By day three we were overtaken by what we called 'la léthargie énorme' (the international language of Vanuatu being French, not English). We could hardly move: I couldn't be bothered to read at times, and just stared out over the water, stirring only to monitor the passage of beautifully coloured fish.
We did manage to walk the island tour. This revealed Strangler Figs, rocky shorelines, mangroves, serried coconut palms, domestic animals and a landing strip. Dear gods, it was hot: how we dripped. Both a falling branch and a plummeting coconut narrowly missed me. The nuts land with an enormous thud.
One afternoon it downpoured hard vertical tropical rain. It was beautiful.
The resort was founded by a wealthy Frenchman who came across the island while cruising these parts with his family. All profits go to a foundation that supports the education of Vanuatu's schoolchildren. Bizarrely, the houses were brought from Indonesia, and there are similar influences (and French wines) in the restaurant. Every dinner began with soup and salad, which at first I thought a little odd but came to look forward to each evening. The houses are of heavy wooden construction, with no glass, only shutters between you and the critters. Mozzie nets are essential over beds; coils are necessary on the deck; and you'll need strong Deet-based repellent on your skin if you're a mozzie magnet. We had learned that Dengue fever had broken out on Santo, so even greater care than usual was needed.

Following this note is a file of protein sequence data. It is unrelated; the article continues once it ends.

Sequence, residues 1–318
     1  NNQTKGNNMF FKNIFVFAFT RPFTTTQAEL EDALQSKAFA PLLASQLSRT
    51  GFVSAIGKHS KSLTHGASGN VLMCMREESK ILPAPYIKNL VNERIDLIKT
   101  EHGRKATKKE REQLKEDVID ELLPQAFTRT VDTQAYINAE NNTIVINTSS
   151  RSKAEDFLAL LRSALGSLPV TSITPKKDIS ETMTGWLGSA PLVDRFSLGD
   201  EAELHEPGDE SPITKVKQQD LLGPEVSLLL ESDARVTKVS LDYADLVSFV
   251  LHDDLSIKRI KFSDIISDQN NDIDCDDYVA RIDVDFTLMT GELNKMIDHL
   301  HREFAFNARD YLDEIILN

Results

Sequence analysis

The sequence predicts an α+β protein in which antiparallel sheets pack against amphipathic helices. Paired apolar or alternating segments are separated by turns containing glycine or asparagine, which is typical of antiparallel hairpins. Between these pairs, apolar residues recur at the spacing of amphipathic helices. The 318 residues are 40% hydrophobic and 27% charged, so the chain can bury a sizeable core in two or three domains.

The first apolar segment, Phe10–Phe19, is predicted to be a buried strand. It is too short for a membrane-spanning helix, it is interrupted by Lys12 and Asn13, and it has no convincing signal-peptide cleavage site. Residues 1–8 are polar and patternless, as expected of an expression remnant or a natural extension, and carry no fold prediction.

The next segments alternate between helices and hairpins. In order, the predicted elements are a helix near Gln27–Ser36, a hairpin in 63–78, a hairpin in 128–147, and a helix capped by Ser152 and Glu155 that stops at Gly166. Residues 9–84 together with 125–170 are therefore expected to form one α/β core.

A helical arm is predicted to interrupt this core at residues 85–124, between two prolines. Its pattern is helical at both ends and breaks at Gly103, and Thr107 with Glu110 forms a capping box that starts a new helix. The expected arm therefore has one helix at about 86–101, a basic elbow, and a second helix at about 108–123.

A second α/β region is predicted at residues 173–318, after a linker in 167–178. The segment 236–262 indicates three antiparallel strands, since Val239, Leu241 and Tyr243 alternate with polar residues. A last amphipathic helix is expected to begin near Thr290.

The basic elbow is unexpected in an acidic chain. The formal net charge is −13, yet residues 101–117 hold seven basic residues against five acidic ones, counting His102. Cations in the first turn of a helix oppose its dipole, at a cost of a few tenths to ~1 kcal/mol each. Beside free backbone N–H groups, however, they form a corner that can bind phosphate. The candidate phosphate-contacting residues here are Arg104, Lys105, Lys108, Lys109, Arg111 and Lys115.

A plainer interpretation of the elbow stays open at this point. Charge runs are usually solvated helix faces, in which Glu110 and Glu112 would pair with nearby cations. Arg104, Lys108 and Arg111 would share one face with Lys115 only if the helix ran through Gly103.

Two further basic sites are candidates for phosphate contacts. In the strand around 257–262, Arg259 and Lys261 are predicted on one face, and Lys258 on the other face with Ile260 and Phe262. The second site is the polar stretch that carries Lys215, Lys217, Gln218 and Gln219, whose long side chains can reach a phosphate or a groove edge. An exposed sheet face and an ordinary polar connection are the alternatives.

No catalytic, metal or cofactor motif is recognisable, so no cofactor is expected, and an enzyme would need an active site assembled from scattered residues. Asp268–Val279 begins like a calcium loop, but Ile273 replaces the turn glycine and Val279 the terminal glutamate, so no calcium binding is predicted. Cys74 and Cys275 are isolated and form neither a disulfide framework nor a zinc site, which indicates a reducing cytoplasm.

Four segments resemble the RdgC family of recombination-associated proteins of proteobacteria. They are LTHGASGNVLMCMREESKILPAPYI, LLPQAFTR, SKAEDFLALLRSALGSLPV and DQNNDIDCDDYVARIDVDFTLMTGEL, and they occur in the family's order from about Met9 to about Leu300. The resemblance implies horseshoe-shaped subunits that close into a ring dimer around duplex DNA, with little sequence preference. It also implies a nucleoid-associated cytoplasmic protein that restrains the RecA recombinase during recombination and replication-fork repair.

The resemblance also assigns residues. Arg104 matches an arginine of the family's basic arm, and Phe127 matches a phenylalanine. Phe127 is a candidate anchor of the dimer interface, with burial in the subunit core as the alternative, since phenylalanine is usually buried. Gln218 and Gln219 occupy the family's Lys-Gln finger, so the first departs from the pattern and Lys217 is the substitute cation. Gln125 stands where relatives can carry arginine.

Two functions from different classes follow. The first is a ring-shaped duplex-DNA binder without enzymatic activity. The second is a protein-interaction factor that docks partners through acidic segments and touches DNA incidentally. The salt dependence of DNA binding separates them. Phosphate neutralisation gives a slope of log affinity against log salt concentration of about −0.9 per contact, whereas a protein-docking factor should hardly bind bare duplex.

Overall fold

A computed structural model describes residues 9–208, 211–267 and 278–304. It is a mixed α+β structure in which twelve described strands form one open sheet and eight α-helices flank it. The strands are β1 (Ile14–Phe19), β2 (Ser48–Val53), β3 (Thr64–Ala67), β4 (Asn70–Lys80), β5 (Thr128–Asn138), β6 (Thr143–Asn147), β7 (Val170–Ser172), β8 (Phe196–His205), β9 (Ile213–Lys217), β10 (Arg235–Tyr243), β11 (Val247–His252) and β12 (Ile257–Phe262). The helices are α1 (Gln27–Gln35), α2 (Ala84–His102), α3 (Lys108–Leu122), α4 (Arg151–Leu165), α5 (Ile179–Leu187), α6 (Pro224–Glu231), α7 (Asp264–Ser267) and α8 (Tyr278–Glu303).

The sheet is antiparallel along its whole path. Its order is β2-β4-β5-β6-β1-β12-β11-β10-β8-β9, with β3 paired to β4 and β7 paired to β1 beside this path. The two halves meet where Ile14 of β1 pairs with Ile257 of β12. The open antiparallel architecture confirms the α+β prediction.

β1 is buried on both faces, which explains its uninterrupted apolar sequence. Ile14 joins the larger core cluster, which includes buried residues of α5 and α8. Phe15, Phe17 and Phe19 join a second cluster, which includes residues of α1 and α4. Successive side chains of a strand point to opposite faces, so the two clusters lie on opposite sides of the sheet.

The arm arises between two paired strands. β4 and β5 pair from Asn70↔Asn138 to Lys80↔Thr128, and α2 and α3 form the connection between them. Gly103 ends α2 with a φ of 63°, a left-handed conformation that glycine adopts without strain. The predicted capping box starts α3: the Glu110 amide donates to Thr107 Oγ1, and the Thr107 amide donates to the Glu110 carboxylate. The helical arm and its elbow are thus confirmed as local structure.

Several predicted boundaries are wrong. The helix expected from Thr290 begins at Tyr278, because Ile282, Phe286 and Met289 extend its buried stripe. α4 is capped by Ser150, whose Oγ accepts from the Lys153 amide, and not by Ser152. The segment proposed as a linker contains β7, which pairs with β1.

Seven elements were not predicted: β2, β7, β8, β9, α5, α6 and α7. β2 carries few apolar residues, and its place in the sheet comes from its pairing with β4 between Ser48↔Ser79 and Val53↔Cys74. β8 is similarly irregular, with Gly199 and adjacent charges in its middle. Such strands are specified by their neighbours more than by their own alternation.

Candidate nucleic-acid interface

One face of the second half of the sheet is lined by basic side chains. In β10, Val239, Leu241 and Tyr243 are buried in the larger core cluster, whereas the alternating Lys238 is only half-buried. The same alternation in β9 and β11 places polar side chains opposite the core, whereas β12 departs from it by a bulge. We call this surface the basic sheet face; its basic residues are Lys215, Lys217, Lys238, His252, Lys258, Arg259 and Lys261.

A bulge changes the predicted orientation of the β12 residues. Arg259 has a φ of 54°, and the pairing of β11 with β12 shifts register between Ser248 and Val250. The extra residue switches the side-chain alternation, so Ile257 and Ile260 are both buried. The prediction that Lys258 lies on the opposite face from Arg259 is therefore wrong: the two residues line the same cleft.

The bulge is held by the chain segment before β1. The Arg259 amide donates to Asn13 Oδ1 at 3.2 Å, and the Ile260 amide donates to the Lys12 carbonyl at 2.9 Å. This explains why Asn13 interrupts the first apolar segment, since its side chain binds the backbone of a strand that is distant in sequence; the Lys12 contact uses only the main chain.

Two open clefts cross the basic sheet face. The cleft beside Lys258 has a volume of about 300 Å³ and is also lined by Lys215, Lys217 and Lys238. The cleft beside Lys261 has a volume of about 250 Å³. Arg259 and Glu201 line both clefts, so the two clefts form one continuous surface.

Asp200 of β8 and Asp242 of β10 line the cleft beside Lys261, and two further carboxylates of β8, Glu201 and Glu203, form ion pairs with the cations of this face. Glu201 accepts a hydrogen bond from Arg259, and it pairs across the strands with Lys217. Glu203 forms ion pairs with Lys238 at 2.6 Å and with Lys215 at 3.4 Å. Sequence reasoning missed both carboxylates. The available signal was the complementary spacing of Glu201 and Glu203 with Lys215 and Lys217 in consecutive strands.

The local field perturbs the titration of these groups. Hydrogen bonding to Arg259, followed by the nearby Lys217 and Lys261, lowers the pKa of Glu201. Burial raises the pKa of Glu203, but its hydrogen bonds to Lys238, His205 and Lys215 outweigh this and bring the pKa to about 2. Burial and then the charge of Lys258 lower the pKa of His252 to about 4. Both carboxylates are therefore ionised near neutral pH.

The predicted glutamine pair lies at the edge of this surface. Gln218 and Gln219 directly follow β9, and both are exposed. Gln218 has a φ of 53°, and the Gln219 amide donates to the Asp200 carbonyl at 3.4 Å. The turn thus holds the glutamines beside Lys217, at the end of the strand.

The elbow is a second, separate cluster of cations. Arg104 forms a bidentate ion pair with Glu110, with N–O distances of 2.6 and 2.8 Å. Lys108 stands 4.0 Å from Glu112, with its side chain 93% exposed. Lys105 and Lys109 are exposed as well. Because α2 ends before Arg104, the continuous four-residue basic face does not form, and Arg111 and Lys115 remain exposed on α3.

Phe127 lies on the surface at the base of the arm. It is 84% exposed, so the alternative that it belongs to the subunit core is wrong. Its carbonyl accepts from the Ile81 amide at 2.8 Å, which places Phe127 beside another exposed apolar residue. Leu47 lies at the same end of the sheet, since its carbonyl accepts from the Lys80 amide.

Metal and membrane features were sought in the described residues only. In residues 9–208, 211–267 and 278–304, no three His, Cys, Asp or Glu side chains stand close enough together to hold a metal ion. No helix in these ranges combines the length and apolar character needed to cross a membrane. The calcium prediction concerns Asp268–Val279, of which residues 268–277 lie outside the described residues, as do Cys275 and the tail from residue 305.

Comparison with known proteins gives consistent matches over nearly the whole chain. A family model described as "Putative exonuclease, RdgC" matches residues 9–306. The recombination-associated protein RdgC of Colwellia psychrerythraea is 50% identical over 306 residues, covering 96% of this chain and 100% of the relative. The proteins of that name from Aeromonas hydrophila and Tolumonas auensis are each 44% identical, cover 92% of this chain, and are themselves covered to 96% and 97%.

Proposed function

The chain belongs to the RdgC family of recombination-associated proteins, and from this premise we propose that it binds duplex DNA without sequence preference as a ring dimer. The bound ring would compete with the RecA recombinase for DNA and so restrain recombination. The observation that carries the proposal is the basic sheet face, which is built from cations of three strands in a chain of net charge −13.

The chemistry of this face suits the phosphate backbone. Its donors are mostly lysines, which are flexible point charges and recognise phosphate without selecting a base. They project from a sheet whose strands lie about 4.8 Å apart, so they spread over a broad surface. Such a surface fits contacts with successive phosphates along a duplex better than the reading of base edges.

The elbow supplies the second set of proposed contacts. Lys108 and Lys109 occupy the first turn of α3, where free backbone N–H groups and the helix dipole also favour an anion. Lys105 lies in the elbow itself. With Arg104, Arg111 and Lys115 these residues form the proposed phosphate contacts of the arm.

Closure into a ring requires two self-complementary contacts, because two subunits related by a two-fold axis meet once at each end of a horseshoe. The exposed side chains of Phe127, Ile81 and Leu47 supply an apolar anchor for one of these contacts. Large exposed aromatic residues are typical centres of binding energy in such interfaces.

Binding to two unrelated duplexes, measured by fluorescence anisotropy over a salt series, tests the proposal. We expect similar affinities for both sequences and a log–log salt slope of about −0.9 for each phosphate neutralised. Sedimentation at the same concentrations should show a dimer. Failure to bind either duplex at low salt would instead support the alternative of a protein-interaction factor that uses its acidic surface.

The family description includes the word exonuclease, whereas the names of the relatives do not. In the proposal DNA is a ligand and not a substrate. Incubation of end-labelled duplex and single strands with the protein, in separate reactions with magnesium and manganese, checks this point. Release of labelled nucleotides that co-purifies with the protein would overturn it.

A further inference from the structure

We did do one excursion, to Blue Hole on a neighbouring island. We were ferried across with our kayak and dropped off at the entrance to a river. (Our guide paddled behind us to make sure we didn't come a cropper.) The Hole was the most extraordinary colour. It is fed by underground springs and wasn't at all salty even though connected to a tidal river.
Our last night was a Saturday. We were invited to drink kava with our hosts. Kava is a milky-looking drink served in half-coconut cups and downed in one; it's made from a herbal root and didn't taste that great. But when in Ratua... I'm not entirely sure what the benefits of drinking kava are, but I think you indulge at the end of a hard day's work – or a long hot day staggering from one sun lounger to another.
The Ratua String Band played a mean riff and sang in splendid South Pacific harmonies I'd heard so much about but never experienced before. Then we sat down to a meal of local dishes. The Band had followed us to the dining room for a last couple of numbers. All the staff were dressed in their most beautiful best and had danced enthusiastically. After dinner we put the world to rights with fellow guests.
The following day, we sailed away reluctantly as some of the locals sang from the jetty in hope of our return to Ratua. We may not have actively engaged much with this corner of Vanuatu, but, removed from harsh Australia, a wonderfully benign way of life washed over us.